Kindle Author Interview: Jeffrey Morrow Miller

Jeffrey Morrow Miller, author of The Binding Returned, discusses his book, his journey as a writer, and self-publishing on Kindle.

DAVID WISEHART: What can you tell us about The Binding Returned?

JEFFREY MORROW MILLER: The Binding Returned is the first part of a five book cycle covering the awakening, educating, reorganizing, and preparing of a society, so that it can deal with an external threat. The first of the five Books of Time is in three volumes The Binding Returned, The World Revealed, and The End Of The Nightlord. The subsequent books are The Mastery Of Magic, The Ending War, The Period of Prophecy, and The Time Of Testing.

In The Binding Returned, one of the five Elements of The World, Water, decides the time has come to create a champion who is able to defend The World, and The Underworld, from whatever there is beyond The Edge of The World, which can only be hostile.

For the last one thousand years there has been a static peace maintained within The World by the immortal Nightlords. Nothing has changed during the reign of the Nightlords, since change only brings instability.

According to the teachings of The Covenant, the religion in The Seven Kingdoms of the Nightlords, after The Breaking of Time, The World we live in was separated from The Underworld. If people live according the the rules of The Covenant, it is promised that one day The Lord Binding will return and reunite The World and The Underworld.

People who live in other four lands of The World don't think much of The Covenant, or of the Nightlords, and no one really understands what The Underworld is anyway. It is not the afterlife of any of the religions—where one goes to give an accounting of their lives before The Gods. Young people who read too much, such as Hamish who's story we follow, believe The Underworld is a philosophical metaphor describing all that we feel is missing from The World—the explanations of the 'why' of everything, and the perfect examples of the ideals that are only poorly represented in The World.

With the easy overconfidence only one who is nobly born can have, Hamish proves he is ideally suited to search for a Door into the wherever, as requested by The Lady of The Silver Lake. If it's a Door into a city of the Immortals that no one knew existed across The Silver Lake, then the legends say he'll have to die and become an Immortal to pass through. If it's a Door into The Underworld, then he will become the Lord Binding Returned of a religion he doesn't follow. Either way, it beats going back to his homeland and assuming his inheritance as a peacock Prince allowed to only do what has always been done.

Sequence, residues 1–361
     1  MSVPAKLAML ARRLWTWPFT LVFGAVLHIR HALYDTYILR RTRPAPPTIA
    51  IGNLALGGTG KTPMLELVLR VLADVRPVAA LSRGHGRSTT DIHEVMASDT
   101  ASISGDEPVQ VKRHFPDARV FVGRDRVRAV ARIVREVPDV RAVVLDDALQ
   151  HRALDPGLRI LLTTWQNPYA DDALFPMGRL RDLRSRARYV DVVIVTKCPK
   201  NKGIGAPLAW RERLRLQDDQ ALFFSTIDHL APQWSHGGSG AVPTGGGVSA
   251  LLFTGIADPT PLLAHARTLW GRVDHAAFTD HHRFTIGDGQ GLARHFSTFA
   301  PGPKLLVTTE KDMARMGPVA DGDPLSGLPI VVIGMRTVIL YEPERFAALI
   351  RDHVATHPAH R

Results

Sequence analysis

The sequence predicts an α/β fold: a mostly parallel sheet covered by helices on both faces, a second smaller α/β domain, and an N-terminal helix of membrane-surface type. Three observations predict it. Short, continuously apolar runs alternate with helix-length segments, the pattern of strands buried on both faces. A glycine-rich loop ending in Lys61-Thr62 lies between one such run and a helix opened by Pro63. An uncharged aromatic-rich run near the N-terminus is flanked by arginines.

DAVID WISEHART: How do you develop and differentiate your characters?

JEFFREY MORROW MILLER: The five Books of Time cover several generations, and I started by figuring out who's kid I needed next, and how old I needed the kid to be. It all got to perfect. So I then created some life-table simulations which gave me random families for each of my characters. It was then up to me to fit these families into the historical events I had roughly plotted out. Instead of always being the oldest son of each generation, I now had to develop characters that were not simply arising from the easiest beginnings (from the authors POV).

As there are five major cultures in The World, the next problem was naming my characters. Luckily, it turns out that all of the peoples in The World follow some simple naming conventions, with children having names derived from those of their parents.

Once the characters have a name, and a set of circumstances of their birth, I let them run amok. So far they are not doing anything like what I'd originally thought they should be doing, and their personalities are not what I had planned. They have had to deal with their birth order and their siblings, before they can even get to the plot events I need to place them in.

It should be noted that none of my characters are 'bad'. They all want exactly the same thing—what is best for The World and everyone that is in it. After one thousands years of living in a non-expanding society where no one would refuse another food, shelter, and the basics of living, there is very little need for conflict that can't be solved with a quick tongue.